Drops from the Fire Hose – August 30, 2012 – Design Thinking

There were a couple of links on design thinking in the last couple of days, so I thought I’d put them together in a “themed” Drops from the Fire Hose — Design Thinking. Be on the lookout for more ‘themed’ drops in the future!

A 40-Minute Crash Course In Design Thinking — Co.Design

You don’t walk away from the film with a single penetrating insight; it’s more of a grab bag of Druckrey’s practices, ideas, and projects. Little lessons crop up at every turn. In one sequence, Druckrey describes designing a concert poster for the Yale Symphony Orchestra’s performance of a piece by Beethoven. Her first idea was to use the contrast of light and dark, evoking some of the turmoil of the composer’s own life. A large abstracted B, made from a page of notation from one of Beethoven’s manuscripts, dominates the piece visually. Druckrey explains that the idea for the B was there from the start. Next, she used staff lines to create a letter E in the negative space adjacent to it. But she wasn’t sure where to go after that, so she stared. It’s important, she narrates, “to give yourself time to stare at it and see what’s there, what does it want, what’s possible.”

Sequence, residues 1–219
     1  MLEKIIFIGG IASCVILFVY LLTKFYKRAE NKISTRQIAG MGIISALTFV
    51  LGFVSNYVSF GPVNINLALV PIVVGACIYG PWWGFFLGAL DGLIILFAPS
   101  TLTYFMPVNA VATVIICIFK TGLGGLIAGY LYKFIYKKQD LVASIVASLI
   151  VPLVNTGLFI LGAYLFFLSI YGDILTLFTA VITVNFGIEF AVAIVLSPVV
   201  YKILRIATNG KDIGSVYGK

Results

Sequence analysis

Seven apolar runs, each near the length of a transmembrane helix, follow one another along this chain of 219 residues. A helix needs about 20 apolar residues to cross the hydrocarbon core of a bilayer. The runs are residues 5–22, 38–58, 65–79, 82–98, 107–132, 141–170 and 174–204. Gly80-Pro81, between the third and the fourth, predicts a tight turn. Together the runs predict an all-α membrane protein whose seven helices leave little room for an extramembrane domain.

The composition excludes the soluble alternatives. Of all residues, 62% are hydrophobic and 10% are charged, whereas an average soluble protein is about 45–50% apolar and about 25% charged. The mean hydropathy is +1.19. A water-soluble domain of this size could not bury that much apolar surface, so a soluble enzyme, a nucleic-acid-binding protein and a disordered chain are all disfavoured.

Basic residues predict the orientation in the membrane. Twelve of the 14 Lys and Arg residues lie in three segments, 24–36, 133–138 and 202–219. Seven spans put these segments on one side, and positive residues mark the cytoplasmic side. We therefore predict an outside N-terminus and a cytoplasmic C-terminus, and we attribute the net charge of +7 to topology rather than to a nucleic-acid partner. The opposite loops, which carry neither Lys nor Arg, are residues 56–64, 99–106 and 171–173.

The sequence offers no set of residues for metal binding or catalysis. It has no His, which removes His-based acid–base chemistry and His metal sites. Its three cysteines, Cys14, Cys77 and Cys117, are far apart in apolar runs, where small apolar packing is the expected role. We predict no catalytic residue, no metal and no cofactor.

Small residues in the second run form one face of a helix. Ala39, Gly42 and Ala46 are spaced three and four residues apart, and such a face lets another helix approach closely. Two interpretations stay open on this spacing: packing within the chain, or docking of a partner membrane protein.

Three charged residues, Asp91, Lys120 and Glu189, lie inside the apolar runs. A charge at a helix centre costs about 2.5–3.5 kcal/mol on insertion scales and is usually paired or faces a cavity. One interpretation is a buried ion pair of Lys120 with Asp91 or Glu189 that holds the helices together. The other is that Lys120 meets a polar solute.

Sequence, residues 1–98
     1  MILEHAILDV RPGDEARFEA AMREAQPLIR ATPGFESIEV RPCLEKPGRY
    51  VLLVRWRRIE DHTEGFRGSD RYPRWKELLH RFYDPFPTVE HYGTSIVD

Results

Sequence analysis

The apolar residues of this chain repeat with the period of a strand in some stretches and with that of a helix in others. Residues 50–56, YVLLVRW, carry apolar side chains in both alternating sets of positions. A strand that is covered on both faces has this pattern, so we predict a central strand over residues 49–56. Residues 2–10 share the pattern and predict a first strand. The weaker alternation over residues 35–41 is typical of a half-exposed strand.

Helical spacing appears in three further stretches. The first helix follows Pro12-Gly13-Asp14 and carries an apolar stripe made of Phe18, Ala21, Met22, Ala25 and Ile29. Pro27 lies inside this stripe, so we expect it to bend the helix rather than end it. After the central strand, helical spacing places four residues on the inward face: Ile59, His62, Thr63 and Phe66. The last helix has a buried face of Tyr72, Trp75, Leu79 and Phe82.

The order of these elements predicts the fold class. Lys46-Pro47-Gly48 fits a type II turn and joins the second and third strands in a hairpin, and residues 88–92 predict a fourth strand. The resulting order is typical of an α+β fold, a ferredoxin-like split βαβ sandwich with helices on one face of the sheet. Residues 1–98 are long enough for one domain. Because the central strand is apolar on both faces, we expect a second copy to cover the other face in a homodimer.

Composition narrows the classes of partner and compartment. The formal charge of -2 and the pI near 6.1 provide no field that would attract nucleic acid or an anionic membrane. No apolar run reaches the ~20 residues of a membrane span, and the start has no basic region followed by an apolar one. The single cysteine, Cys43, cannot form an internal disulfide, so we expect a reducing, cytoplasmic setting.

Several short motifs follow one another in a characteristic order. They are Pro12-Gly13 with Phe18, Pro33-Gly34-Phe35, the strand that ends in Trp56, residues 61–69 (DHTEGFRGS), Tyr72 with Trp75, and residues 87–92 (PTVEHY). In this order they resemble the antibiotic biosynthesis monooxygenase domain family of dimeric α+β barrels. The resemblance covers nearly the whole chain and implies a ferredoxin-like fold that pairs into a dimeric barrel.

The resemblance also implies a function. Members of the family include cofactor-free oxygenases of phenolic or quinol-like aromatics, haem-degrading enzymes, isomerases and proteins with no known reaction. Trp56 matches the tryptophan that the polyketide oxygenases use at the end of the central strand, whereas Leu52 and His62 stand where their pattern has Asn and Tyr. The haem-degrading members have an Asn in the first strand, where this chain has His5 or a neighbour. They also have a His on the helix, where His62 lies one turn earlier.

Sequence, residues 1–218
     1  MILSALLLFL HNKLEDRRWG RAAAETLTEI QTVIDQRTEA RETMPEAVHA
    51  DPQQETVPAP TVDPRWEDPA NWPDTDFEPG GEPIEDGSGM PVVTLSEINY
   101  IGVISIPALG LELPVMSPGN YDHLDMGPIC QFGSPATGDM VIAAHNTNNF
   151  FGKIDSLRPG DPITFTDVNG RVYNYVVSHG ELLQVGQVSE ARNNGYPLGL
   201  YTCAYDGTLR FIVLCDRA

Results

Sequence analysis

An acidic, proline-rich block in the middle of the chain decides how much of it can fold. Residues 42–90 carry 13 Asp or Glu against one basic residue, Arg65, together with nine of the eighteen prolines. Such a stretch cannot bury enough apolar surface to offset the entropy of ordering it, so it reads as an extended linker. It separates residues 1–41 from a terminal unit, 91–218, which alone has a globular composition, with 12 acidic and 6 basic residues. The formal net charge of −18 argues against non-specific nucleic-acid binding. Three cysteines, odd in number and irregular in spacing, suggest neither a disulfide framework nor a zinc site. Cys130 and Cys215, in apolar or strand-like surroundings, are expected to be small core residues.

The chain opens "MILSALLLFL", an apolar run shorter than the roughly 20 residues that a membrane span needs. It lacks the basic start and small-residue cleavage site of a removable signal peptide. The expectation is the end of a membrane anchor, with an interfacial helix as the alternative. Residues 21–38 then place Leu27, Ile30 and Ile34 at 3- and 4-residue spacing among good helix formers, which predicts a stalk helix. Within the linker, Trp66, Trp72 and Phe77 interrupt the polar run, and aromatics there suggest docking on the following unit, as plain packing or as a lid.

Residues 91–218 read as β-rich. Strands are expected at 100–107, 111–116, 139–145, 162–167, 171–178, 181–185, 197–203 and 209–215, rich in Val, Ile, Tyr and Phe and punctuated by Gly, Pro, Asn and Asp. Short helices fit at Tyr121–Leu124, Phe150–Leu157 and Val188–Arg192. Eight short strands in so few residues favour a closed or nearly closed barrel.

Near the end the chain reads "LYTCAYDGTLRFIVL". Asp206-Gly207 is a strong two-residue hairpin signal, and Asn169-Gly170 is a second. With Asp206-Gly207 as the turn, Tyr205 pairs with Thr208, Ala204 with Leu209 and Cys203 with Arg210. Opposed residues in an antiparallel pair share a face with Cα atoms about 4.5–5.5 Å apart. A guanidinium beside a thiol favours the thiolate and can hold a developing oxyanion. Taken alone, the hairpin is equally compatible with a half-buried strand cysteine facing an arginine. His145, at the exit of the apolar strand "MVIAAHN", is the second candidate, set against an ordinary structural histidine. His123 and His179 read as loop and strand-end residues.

Design Thinking at Edmunds.com — Harvard Business Review

Edmunds.com had experienced 40% growth year over year for over a decade, but when this slowed during the recession, Steinlauf wanted to try a different method — design thinking — to see if it could jump-start fresh approaches. Inspired by Roger Martin’s book, The Design of Business, Steinlauf felt that design thinking would allow his team to listen to their customers and work through their challenges, while also providing better employee engagement and participation.

The best interface is no interfaceCooper

It’s time for us to move beyond screen-based thinking. Because when we think in screens, we design based upon a model that is inherently unnatural, inhumane, and has diminishing returns. It requires a great deal of talent, money and time to make these systems somewhat usable, and after all that effort, the software can sadly, only truly improve with a major overhaul.


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